It’s been almost three years since famed bullet-hell shooter developer Cave released their last in-house iOS game in the genre they became well-known for. At the time of the company’s restructuring, I was worried about the future of shoot-em-ups on mobile, and I doubt I was the only one. Luckily for mobile gamers, it turned out to be a non-issue, as we’ve seen several excellent releases in the genre, some of which have arguably been better than even Cave’s offerings. One such game is .Decluster – Into The Bullet Hell (Free), an out-of-nowhere release from Japanese indie developer Masayuki Ito. It combined a simple but eye-catching visual style with enjoyable scoring mechanics and exciting enemy patterns to create a thrilling take on a well-worn concept.
That game released in March of this year, but we’ve already got another .Decluster on deck. .Decluster Zero – Bullet Nocturne ($4.99) functions sort of like the Black Label versions of their games that Cave would occasionally release. It’s basically a remix of the original game, but it feels like calling that it does it a disservice. The scoring mechanics are totally overhauled, the basic gameplay rules have changed a bit, your ship has new capabilities, and the enemy patterns have all been adjusted to account for that. There are also tons of new options to play around with that the original version doesn’t have. For newcomers to the series, it’s an easy decision to pick this one up over the original. If you already own that one, however, you might be wondering what exactly makes this one worth the pick-up.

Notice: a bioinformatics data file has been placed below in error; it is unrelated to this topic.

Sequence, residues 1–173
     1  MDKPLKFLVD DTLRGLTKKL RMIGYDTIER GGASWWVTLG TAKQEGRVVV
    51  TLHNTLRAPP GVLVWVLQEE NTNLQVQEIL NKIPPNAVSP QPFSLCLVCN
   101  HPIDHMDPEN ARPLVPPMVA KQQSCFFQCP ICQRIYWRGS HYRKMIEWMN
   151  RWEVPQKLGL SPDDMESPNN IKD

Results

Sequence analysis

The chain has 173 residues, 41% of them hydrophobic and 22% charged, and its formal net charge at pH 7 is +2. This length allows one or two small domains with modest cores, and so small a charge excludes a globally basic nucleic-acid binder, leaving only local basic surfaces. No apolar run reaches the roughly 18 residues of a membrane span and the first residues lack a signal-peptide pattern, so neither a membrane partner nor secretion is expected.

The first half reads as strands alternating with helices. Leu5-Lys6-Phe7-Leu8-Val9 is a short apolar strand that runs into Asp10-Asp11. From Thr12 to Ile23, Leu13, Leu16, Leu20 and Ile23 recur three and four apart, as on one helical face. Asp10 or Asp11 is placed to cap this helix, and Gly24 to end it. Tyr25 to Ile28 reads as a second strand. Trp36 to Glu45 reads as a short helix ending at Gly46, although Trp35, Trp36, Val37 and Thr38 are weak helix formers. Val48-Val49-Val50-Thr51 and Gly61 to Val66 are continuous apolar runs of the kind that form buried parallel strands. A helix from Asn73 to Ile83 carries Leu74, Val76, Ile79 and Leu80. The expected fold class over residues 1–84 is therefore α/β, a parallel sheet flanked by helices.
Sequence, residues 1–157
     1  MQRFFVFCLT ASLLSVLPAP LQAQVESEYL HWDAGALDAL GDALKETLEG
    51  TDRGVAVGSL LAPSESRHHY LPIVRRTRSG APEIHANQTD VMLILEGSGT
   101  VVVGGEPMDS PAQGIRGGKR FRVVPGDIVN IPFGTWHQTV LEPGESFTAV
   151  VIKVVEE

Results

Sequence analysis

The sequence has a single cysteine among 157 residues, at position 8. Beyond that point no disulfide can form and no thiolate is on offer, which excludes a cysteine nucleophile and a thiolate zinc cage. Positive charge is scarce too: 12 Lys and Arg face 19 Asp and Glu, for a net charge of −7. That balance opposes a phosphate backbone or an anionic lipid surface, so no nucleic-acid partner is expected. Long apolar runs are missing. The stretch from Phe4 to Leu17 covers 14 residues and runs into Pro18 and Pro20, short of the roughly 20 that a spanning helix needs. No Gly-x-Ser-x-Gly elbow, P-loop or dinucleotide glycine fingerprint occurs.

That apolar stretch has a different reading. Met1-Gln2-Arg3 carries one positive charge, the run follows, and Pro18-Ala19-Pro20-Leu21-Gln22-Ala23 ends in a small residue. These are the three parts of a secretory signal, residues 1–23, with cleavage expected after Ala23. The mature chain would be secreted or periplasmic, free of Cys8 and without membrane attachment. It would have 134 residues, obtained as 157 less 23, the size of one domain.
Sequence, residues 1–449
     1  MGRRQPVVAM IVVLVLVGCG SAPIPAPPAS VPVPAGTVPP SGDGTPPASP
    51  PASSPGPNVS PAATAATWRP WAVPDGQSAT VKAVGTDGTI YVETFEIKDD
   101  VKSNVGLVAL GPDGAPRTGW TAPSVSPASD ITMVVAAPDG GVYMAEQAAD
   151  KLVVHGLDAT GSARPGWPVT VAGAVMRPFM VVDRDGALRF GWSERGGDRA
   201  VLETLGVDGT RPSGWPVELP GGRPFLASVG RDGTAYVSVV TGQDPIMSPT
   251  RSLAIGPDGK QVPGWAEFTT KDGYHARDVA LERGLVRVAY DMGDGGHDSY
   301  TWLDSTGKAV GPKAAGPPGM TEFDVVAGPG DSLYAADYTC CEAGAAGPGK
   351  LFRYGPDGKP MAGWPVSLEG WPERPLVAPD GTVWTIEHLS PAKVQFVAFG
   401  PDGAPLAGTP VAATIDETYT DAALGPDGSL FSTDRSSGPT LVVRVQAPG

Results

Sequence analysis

The most immediately noticeable change is that your ship is always fully powered-up. You can switch between the different types of weapons at any time by double-tapping. I think this is an excellent idea, both for the player and the designer. No, you don’t get the excitement of gradually powering up your ship, but that’s not really what bullet-hell shooters are about, in my opinion. Instead, they’re about white-knuckle battles with enemies flinging out a ridiculous amount of bullets where boss battles become wars of attrition. You weave and bob through whatever space you can find in the curtain of shots, trying to stay alive while optimizing your score.
If that’s what a bullet-hell shooter is about, then it makes perfect sense that the player should always be at full power. It lets the designer assume the player has what they need to win, letting them really cut loose with enemy layouts. From the player’s side, you don’t have to worry about scrambling to grab your power-ups after you die to try to reclaim enough power to continue. You’ll certainly never need to worry about resetting after a death, Gradius-style. The impact to the player’s score is more than enough penalty for dying.